|(Exclusively for the use of the media. Not an official document)||
The Hague, 6 December 2010
President Robinson’s Address Before the Security Council
|ICTY President Judge Patrick Robinson
The Tribunal’s President, Judge Patrick Robinson, today addressed the United Nations Security Council on the work of the Tribunal. He highlighted the pressures placed on staff and resources at the Tribunal and called for action to reduce staff attrition. He also reiterated his call for the creation of a trust fund for victims of war crimes.
The President explained that the Tribunal “continues to take all measures possible to expedite its trials, without sacrificing due process.” However, he noted that the “Judges have reported feeling extreme pressure to expedite the work of the Tribunal” and that “Judges are entitled to work in an environment free from all external pressures, so that their independence is not compromised, or appear to be compromised.”
The President said that despite these measures to expedite trials, there were amendments to the estimates in the trial schedule due to influences outside the Tribunal’s control, such as “witness intimidation, the failure of witnesses to appear, the illness of accused, the death of defence counsel, the complexities associated with self-represented accused, the discovery of new evidence, and staff attrition.”
On the issue of debilitating staff attrition, the President thanked the Security Council for Resolution 1931, which noted the importance of the Tribunal being adequately staffed to complete its work expeditiously and called upon the Secretariat and other relevant United Nations bodies to continue to work with the Registrar to find practicable solutions to address this issue. The President, however, highlighted concern that this resolution had not been translated into action.
The President explained the confusion that has arisen over implementation of two recommendations made by the Staff Management Coordination Committee in June 2010. First, the recommendation that the Tribunal’s staff be given two-year fixed-term appointments, subject to another extension of two years, was not able to be implemented because the Tribunal does not have the approved budgetary funds. Second, the recommendation that Tribunal staff be given priority in consideration of eligibility for conversion to permanent contracts had been hindered by the Office of Human Resource Management’s referral of the Tribunal’s requests for conversion to a central review board, where they are likely to languish for some time.
The President reiterated his call to create a trust fund for victims of crimes within the Tribunal’s jurisdiction. He stated that “to build a lasting peace, justice must not only be retributive—it must also be restorative”. He said that the trust fund would “complement the Tribunal’s criminal trials by providing victims with the necessary resources to rebuild their lives.”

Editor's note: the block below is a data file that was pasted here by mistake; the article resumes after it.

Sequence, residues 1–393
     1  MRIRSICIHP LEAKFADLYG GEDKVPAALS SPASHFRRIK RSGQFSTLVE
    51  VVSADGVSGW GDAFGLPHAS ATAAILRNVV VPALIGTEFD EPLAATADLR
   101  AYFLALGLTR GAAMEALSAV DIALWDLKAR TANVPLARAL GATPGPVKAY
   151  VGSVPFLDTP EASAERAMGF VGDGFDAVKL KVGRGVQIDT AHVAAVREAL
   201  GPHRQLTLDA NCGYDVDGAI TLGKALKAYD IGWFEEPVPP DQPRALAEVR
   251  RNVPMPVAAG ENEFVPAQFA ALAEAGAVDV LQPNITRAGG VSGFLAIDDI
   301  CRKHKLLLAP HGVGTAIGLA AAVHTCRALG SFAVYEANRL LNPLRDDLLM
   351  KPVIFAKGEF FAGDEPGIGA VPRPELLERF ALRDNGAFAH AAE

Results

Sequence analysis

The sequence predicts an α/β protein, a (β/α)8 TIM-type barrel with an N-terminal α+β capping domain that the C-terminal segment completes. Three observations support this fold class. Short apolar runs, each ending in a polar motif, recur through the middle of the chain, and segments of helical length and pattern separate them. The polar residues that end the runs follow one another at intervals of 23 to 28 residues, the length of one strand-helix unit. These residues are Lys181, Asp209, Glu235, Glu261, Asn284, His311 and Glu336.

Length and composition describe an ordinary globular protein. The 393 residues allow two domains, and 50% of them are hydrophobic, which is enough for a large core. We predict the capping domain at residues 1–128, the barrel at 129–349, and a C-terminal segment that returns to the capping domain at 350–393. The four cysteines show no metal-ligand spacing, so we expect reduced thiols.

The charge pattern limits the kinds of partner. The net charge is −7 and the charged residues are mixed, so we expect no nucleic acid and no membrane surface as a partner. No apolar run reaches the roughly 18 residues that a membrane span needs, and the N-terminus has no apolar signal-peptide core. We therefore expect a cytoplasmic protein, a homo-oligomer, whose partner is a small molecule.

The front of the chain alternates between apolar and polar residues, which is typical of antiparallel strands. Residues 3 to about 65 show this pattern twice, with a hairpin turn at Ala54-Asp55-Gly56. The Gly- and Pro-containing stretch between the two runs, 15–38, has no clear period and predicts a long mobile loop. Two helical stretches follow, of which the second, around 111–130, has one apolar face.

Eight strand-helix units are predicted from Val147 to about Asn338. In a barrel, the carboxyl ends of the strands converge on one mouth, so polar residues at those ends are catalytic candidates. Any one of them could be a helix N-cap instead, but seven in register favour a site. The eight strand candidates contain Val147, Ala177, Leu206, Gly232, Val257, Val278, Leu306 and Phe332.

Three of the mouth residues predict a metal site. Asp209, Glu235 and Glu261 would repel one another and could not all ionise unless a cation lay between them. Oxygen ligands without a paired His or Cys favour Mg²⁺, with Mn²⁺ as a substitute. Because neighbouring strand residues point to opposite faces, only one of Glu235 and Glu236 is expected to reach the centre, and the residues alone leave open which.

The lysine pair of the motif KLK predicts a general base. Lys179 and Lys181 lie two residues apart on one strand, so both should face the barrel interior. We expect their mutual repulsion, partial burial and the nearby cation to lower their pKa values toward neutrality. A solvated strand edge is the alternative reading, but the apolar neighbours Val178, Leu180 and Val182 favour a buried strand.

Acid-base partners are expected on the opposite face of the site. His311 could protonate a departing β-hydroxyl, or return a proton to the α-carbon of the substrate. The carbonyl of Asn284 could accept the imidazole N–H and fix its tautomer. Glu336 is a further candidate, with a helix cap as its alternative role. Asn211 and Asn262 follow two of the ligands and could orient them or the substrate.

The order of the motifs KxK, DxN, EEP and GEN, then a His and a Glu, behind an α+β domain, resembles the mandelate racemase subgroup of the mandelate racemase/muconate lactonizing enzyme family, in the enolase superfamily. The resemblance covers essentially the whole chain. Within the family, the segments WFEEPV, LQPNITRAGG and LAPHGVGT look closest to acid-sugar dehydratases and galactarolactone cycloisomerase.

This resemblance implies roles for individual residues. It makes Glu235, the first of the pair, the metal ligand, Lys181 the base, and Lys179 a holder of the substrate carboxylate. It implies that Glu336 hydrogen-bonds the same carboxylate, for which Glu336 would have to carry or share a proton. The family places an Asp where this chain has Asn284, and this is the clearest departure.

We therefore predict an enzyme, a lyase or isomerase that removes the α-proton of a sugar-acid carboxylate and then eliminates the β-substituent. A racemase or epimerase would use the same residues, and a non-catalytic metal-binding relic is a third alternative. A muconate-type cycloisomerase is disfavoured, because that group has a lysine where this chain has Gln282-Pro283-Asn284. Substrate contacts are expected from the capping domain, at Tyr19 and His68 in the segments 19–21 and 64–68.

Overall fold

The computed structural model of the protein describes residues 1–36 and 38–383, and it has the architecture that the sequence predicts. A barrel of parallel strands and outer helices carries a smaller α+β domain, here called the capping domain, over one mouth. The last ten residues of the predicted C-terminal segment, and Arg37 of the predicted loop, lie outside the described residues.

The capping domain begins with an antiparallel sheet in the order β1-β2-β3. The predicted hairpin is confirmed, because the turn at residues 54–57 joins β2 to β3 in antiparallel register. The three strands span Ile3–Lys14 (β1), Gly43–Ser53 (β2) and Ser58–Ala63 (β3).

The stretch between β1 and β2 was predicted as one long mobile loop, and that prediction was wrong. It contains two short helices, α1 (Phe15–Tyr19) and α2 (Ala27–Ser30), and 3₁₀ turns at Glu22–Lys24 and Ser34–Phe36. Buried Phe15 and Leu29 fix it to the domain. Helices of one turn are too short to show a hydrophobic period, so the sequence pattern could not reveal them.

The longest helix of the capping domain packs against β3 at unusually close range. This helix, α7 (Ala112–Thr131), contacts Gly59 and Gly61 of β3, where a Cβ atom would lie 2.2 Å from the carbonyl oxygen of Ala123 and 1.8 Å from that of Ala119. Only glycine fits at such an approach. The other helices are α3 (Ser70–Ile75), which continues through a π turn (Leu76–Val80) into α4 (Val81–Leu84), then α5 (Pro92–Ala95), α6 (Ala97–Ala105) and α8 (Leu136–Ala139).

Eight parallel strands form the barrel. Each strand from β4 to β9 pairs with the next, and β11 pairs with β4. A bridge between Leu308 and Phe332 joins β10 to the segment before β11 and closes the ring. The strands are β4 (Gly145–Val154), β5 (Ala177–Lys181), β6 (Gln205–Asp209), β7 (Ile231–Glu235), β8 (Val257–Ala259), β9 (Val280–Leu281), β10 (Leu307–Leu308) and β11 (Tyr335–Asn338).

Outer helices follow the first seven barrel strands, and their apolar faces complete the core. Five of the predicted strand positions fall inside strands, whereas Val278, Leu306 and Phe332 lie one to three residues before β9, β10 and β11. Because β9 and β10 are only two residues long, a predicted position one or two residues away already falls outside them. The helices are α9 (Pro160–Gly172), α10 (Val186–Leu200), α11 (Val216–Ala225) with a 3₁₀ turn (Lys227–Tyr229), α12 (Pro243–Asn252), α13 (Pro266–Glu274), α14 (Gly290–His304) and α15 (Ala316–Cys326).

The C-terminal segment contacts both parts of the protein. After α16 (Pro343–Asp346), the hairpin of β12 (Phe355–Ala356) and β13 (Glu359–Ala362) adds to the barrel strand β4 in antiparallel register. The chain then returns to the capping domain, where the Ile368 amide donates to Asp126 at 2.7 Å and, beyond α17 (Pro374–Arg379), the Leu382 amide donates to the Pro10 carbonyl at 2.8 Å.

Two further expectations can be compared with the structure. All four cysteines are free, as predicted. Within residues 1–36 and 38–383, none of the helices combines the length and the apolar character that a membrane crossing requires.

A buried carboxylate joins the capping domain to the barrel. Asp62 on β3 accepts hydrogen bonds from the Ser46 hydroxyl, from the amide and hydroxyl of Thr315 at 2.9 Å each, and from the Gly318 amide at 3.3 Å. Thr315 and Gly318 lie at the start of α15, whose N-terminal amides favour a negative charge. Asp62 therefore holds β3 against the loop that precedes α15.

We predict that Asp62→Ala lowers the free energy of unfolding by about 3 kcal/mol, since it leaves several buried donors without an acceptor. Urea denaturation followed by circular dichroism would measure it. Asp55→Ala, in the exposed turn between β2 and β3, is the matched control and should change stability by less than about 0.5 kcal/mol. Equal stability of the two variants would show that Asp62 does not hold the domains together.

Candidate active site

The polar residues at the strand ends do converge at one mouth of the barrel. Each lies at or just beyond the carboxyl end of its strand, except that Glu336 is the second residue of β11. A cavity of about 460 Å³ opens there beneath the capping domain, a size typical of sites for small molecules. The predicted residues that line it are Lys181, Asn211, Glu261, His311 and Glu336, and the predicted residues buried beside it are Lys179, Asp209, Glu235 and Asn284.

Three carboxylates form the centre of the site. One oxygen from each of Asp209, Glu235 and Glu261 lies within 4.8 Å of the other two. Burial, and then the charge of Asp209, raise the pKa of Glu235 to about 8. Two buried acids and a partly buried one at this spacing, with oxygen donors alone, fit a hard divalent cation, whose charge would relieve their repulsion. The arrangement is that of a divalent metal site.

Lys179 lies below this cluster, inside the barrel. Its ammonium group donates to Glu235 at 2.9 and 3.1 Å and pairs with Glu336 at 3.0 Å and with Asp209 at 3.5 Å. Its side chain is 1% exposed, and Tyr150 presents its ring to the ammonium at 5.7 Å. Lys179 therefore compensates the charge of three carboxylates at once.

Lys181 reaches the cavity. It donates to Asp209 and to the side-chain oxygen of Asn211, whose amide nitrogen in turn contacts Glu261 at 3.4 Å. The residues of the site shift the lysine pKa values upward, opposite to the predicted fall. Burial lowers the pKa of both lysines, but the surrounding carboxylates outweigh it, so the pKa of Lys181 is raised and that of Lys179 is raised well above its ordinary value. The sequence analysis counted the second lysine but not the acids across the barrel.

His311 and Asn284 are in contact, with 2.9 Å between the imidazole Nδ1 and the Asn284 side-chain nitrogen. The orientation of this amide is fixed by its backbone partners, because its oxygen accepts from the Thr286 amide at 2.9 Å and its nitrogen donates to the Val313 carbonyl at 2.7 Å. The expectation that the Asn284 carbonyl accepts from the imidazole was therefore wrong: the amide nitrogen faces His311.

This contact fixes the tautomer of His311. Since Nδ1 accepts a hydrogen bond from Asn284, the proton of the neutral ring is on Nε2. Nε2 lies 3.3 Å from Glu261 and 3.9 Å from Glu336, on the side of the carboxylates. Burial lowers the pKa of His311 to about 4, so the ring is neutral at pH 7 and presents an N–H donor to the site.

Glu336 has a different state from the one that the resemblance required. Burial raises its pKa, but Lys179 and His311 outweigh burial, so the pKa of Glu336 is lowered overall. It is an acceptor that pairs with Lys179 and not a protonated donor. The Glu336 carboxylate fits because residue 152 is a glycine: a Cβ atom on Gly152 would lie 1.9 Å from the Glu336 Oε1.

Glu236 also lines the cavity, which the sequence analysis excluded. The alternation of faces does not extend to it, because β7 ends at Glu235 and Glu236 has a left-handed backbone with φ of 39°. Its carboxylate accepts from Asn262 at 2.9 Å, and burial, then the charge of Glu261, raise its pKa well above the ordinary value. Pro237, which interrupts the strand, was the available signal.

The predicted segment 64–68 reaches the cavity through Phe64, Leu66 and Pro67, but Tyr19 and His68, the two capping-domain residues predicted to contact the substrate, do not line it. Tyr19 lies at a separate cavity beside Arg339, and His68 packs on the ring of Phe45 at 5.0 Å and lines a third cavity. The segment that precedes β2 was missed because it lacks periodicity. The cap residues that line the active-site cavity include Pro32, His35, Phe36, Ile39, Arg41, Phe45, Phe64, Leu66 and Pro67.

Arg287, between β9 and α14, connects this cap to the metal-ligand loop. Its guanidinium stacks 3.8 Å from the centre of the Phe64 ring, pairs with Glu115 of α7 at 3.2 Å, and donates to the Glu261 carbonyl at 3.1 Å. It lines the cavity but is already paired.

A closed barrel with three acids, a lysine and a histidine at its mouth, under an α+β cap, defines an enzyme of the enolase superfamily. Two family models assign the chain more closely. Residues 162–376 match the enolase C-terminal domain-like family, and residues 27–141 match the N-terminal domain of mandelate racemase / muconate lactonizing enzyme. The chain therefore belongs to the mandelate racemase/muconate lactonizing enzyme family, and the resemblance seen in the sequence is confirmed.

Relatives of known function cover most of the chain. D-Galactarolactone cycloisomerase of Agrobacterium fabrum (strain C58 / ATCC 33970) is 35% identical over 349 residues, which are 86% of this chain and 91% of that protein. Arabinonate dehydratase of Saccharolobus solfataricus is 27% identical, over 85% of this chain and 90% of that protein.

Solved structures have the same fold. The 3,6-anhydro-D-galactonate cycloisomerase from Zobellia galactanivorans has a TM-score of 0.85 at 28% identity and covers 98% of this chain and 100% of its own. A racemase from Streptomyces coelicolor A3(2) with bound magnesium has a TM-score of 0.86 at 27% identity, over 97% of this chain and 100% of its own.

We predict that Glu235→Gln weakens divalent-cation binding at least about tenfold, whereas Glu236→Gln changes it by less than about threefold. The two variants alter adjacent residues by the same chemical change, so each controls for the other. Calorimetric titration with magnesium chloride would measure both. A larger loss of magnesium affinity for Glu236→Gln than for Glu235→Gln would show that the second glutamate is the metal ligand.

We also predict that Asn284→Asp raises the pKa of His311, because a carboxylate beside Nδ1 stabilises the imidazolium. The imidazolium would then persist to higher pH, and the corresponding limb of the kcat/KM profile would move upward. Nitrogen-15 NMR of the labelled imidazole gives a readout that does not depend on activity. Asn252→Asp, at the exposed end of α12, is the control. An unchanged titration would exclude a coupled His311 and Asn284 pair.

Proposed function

In making this proposal, the President said that: “the Tribunal is extremely sensitive to the financial difficulties being experienced by Member States. And it has not escaped our notice that, lately, the importance of the concept of justice has come under fire. But it is precisely in difficult times that we must be the most vigilant in safeguarding the role of justice in our society. We must not lose sight of the reason why the Security Council created the Tribunal in the first place.”
In closing, the President remarked that justice matters “because in a world without justice, right would be determined by might, and the weak would be at the mercy of the strong” and asked the Security Council—“the architects of that justice”—to stand by the Tribunal as it implemented the Council’s “vision of a world that is ruled not by might, but by right.”
Every six months, the President and Prosecutor submit to the Security Council their assessments on the progress made towards implementation of the completion strategy of the Tribunal in accordance with Resolution 1534. The reports set out the measures that have been taken and that remain to be taken in order to complete the work of the Tribunal.
The latest completion strategy report estimates that of the ten cases in the trial or pre-trial stage, four will be concluded next year, and five are anticipated to conclude in 2012. The case of Radovan Karadžić is expected to finish at the end of 2013. All appeals are scheduled to be completed by the end of 2014, although the recent, unavoidable delays in the Karadžić case suggest that this date will have to be re-assessed at an appropriate time.
Additionally, the President submits an Annual Report to the UN Security Council and General Assembly. The Annual Report, usually submitted in November, covers the 12-month period of 1 August to 31 July and includes an overview of activities of all sections of the Tribunal.
Since its inception 17 years ago, the Tribunal has indicted 161 persons for war crimes committed on the territory of the former Yugoslavia. The proceedings against 125 individuals have been completed. Only two indictees remain at large—Ratko Mladić and Goran Hadžić.
The full text of the President's speech can be found at:
An archive of all Completion Strategy Reports from previous years can be found at:
An archive of all speeches made by the Tribunal’s principals can be found at:
International Criminal Tribunal for the former Yugoslavia
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